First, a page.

Hence, the narrative that Western foreign policy is animated by opposition to foreign aggression is challenged by the arms deals that France and Canada—whose governments profess to oppose foreign intervention—have struck with Saudi Arabia. The Saudi tyranny has intervened militarily in Bahrain against a movement for a representative political democracy, and, to the shame of the Canadian government, using light armored vehicles sold to Saudi tyrants by a Canadian arms manufacturer, approved by Ottawa.The Saudi tyranny has also launched a blood-soaked intervention into neighboring Yemen, with the ostensible goal of restoring to power a pro-Saudi president who was ousted in an uprising. That president, Abd-Rabbu Hadi, has virtually no support in Yemen.  There is some resemblance to Ukraine, i.e., a president ousted in a coup and a military response by a neighboring country, though the toppled Ukraine president was neither pro- nor anti-Russian, had far more support in Ukraine than Hadi has in Yemen, and Russia isn’t bombing Ukraine or enforcing a blockade to starve Ukraine into submission. Nor does Russia seek the restoration to power of Victor Yanukovych, the ousted Ukraine president. Yet bombing and blockade happen in Yemen, and there’s only silence in the West. US and British warships assist in maintaining the blockade. The Pentagon provides logistical and intelligence support to the Saudi bombing campaign. 
The entire affair is a blatant breach of international law, and an assault on authentic democracy and self-determination. Yet it is met by silence in the West (whose Saudi partner in robbing the Arabs of their oil wealth is the perpetrator.) Western politicians who rail against “Putin’s aggressions” and commentators who counsel tough measures against Moscow’s “belligerence”, have nothing to say about the US- and British-assisted Saudi war of aggression on Yemen, just as earlier they could find no words to condemn the Saudi march into Bahrain.
Imagine that Russia was bombing Ukraine and blockading its borders, instead of the Saudis doing the same to Yemen. The outcry would be deafening. Already, there is a full-throated call for aggressive economic and military action against Russia. And yet, what, in truth, was Moscow’s offense? Has it bombed Ukraine? No. Is it blockading its neighbor’s borders? No. It annexed Crimea, historically part of Russia, whose residents opposed the coup government in Kiev and welcomed their reintegration into Russia , and which is the site of an important Russian naval base. Russia’s actions were a predictable defensive measure against an aggressive US-led campaign to deprive Russia of its principal economic partner and its strategically important naval base on the Black Sea.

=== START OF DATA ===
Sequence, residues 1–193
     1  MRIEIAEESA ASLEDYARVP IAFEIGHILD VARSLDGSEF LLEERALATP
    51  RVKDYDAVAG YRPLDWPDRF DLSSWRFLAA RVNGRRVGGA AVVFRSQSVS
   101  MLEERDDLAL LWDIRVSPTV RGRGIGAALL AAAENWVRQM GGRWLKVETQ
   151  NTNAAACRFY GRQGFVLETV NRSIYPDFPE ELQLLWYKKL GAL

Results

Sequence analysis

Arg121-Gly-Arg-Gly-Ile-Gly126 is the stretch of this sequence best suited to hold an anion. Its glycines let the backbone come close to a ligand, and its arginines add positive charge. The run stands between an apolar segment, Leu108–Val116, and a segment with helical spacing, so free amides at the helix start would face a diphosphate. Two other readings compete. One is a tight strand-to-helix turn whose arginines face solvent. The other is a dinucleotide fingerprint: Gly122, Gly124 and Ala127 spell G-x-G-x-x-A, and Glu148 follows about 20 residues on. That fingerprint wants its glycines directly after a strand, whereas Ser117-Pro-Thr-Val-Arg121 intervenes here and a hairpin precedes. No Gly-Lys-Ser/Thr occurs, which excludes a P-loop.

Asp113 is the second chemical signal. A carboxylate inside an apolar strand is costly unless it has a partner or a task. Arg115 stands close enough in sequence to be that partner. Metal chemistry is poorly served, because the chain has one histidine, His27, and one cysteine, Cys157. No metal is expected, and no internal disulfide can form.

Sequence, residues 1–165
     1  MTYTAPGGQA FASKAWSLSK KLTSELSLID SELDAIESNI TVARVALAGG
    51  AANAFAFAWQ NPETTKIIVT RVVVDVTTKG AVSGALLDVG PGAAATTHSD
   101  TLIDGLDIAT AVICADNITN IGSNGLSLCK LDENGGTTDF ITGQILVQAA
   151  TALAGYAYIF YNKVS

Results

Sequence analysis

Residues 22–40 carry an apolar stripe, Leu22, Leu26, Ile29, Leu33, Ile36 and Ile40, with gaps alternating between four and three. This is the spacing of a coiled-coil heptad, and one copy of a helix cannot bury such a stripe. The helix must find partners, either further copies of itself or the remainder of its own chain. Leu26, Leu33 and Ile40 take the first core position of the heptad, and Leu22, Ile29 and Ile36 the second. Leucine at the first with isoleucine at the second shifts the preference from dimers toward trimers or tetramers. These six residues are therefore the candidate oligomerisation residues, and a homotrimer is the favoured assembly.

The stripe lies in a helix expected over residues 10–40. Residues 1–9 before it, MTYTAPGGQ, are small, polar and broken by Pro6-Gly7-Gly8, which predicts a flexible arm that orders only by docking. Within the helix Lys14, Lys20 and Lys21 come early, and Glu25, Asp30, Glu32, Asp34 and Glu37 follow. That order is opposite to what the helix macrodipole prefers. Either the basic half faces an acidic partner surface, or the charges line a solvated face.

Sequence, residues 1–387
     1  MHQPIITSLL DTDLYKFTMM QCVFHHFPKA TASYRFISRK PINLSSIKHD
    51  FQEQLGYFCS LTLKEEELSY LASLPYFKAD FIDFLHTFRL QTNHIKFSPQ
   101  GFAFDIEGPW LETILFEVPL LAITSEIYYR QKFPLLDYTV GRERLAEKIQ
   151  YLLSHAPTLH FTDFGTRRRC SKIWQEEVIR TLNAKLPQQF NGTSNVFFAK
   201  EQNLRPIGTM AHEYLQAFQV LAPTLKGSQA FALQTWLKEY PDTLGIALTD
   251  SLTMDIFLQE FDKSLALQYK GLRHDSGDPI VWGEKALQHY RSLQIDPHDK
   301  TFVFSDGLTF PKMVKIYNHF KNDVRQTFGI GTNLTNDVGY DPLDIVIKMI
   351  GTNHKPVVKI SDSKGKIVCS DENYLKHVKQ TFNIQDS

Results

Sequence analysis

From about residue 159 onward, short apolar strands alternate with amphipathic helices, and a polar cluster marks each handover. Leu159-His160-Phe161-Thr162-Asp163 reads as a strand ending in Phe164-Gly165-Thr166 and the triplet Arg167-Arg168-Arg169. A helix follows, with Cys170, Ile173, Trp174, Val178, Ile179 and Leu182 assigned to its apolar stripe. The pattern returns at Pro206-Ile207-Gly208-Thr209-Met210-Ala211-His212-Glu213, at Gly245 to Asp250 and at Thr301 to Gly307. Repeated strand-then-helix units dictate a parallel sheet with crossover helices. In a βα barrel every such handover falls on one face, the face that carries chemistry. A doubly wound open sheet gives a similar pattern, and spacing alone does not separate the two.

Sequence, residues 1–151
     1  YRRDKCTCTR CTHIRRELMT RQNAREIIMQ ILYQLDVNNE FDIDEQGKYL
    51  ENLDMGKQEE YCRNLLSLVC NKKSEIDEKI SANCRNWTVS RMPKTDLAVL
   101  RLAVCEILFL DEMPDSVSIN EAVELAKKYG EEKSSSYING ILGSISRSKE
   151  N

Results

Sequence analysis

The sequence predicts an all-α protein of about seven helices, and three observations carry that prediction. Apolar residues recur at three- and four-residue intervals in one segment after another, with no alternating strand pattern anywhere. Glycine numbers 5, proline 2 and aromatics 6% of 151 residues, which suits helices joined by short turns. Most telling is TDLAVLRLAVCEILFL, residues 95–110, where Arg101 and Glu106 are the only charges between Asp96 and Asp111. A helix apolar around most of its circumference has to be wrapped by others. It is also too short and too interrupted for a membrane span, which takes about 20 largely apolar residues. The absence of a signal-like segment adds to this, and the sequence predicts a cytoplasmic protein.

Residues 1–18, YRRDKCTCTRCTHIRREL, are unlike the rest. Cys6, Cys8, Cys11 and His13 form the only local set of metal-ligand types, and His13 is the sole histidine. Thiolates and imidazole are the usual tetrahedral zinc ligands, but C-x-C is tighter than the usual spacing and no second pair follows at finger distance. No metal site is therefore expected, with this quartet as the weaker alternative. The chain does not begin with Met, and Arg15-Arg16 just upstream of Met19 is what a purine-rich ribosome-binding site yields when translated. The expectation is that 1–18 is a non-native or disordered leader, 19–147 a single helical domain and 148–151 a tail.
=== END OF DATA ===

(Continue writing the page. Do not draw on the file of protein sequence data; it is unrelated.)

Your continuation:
There is much to condemn and oppose: The Saudi interventions in Yemen and Bahrain; Western support for the Arab kleptocracies; the economic and military threats from the US against Russia that provoked Moscow’s defensive annexation of Crimea; royalist oppression in Saudi Arabia and the Western arms manufacturers and their partners in government who furnish the Saudi kleptocrats with weapons to suppress internal revolts. “Putin’s aggressions”—largely a fantasy—are not among them.
1. Matthew Dalton, “Egypt in talks to buy Mistral warships from France,” The Wall Street Journal, August 26, 2015.
2. Tamer el-Ghobashy, “Egypt’s leader reinvents himself as bulwark against terrorism,” The Wall Street Journal, May 18, 2015.
3. Nicola Clark, “Egypt to purchase fighter jets and a warship from France,” The New York Times, February 12, 2015.
4. Bryon Tau and Adam Entous, “Obama administration releases military aid to Egypt,” The Wall Street Journal, March 31, 2015.
5. Steve Chase, “Foreign Affairs found no ‘red flags’ for Israel is Saudi arms sale,” The Globe and Mail, August 27, 2015.
7. Shuaib Almosawa, Kareem Fahim and Somini Sengupta, “Yemeni government faces choice between a truce and fighting on,” The New York Times, Aug 14, 2015.
9. Robert Dreyfuss, Devil’s Game: How the United States Helped Unleash Fundamentalist Islam, Holt, 2005, p. 99.
10. The arguments developed in connection with Ukraine are based mainly on Richard Sakwa, Frontline Ukraine: Crisis in the Borderlands, I.B. Taurus, 2015.
11. Sakwa, p. 75.
12. Sakwa, p. 167.
13. Patrick Cockburn, “In the Middle East, our enemy’s enemy must be our friend,” The Independent, April 12, 2015.
14. Ian Sinclair, “Yemen: Britain lurks behind Saudi atrocities,” The Morning Star, July 20, 2015; Shuaib Almosawa, Kareem Fahim and Somini Sengupta, “Yemeni government faces choice between a truce and fighting on,” The New York Times, Aug 14, 2015; Jay Solomon and Asa Fitch, “U.S. met secretly with Yemen rebels,” The Wall Street Journal, June 1, 2015; Maria Abi-Habin and Adam Entous, “U.S. widens role in Saudi-led campaign against Houthi rebels in Yemen,” The Wall Street Journal, April 12, 2015; Hakim Almasmari and Maria Abi-Habib, “Saudi-backed forces set back in Yemen,” The Wall Street Journal, April 2, 2015.
15. Peter Hart, “Radioactive Putin is ‘Stalin’s Spawn’”, Extra!, May 1, 2014.